Stop the Cycle

Diarrheal Disease Solutions

Breastfeeding & Nutrition

Breastfeeding and good nutrition help ensure that every child can properly develop. Between them, these two critical solutions help protect children from and reduce their exposure to diarrheal disease.

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Breastfeeding provides all the essential nutrition infants need for growth and development.

“What if governments had a proven, cost-effective way to save babies’ lives, reduce rates of malnutrition, support children’s health, increase educational attainment and grow productivity? They do: it’s called breastfeeding. And it’s one of the best investments nations can make in the lives and futures of their youngest members—and in the long-term strength of their societies.”

– Anthony Lake, Executive Director, UNICEF
found on UNICEF


  • Problem: exposure to diarrhea-causing pathogens, missing breast milk’s anti-infective protections

    Infants are at greatest risk of diarrheal disease when they are given foods other than breast milk. This is because they are more likely to be exposed to food- and water-borne pathogens and lose the protection of breast milk’s anti-infective properties.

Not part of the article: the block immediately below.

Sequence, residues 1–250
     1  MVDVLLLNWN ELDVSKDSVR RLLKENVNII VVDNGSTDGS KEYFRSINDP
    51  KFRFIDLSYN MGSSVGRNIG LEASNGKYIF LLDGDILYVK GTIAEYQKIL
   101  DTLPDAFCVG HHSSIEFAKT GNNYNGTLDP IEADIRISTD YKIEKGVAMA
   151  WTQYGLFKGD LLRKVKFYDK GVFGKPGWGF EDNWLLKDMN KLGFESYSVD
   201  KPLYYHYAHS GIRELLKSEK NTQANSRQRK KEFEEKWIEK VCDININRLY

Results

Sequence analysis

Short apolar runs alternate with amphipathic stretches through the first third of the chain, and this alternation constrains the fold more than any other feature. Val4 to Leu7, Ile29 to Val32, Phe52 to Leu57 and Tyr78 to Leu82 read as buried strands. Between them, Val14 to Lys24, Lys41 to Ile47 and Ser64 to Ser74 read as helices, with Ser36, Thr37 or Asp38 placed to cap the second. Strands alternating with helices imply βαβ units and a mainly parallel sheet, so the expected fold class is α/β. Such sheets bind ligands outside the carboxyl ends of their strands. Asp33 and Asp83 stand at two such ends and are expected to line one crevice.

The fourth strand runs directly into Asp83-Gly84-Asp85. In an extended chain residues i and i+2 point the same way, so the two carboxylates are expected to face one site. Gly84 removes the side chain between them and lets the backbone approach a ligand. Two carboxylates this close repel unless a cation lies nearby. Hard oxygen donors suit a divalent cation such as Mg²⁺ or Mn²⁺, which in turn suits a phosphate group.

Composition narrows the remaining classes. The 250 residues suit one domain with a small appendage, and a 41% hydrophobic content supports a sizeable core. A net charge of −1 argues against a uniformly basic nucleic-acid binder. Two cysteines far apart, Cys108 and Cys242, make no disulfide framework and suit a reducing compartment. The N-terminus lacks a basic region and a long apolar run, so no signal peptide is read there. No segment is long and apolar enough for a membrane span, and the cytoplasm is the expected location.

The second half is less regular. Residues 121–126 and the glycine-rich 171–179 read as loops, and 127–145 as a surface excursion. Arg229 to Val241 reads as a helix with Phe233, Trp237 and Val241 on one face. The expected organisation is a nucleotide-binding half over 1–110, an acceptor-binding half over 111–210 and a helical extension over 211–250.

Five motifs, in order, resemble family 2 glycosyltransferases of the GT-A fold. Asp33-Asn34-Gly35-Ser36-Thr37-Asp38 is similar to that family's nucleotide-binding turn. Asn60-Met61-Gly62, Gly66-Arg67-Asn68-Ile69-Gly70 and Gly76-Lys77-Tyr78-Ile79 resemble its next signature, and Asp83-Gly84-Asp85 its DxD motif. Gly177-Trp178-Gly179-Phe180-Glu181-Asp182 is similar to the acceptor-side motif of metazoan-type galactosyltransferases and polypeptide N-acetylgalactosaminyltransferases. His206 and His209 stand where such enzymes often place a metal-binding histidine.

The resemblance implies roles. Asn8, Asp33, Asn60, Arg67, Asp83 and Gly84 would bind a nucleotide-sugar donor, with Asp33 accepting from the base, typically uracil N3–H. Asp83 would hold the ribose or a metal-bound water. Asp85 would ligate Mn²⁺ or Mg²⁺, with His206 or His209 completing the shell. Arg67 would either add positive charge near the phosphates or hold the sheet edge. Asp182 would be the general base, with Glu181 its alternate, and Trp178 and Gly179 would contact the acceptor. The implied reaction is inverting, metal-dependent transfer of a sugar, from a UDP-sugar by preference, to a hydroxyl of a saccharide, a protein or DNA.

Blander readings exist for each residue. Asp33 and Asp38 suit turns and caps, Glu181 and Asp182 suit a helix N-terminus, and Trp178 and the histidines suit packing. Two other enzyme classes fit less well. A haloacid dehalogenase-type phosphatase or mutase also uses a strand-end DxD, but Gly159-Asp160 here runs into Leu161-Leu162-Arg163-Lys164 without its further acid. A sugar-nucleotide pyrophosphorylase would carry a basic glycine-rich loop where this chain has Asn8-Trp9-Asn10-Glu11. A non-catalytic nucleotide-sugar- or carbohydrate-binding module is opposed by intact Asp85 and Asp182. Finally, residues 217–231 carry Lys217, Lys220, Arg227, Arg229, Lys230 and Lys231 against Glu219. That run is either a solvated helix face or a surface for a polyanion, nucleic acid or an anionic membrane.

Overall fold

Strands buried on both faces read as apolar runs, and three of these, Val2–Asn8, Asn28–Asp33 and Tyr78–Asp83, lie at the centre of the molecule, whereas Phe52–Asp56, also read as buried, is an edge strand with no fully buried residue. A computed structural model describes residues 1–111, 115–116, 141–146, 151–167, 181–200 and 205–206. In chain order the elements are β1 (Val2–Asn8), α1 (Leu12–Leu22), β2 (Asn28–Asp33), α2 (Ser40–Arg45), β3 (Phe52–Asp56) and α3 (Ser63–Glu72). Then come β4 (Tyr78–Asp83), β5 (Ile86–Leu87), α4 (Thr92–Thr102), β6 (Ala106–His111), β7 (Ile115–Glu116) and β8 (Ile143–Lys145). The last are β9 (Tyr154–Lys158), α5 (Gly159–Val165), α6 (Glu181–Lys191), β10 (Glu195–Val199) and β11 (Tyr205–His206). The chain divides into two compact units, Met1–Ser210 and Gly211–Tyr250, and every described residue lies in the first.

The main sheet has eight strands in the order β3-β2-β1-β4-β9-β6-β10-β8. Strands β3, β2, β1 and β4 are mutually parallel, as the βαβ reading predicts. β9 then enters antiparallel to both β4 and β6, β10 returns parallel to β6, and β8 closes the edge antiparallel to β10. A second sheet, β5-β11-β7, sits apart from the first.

Still, breastfeeding rates are less than 50% globallyMany women face obstacles breastfeeding due to a lack of knowledge about its benefits and a lack of sufficient support from key family members and communities. Instead, they turn to breast milk substitutes, which can be heavily marketed in areas where these advertisements are unregulated. Substitutes carry risks in areas where water may be unsafe and in areas prone to high levels of infectious disease and the potential for improper food preparation and storage practices. For women who are unable to breastfeed, it’s important that healthy solutions—made with safe water—are available.

    Additionally, some mothers don’t produce enough milk or have trouble accessing breast milk. Both issues are critical to ensure a child receives good nutrition.

  • Solution: exclusive and continued breastfeeding

    Exclusive breastfeeding has many health benefits for infants, including the prevention and treatment of infections like diarrhea. It provides immediate immune protection to the infant from the mother, stimulates the development of an infant’s immune system, and contains many health- and growth-enhancing properties like enzymes, proteins, and hormones, all of which are unique to breast milk. Breastfeeding also benefits mothers by reducing the risk of breast and ovarian cancer, among other health benefits. Key feeding practices recommended by the World Health Organization (WHO) for infants and young children include: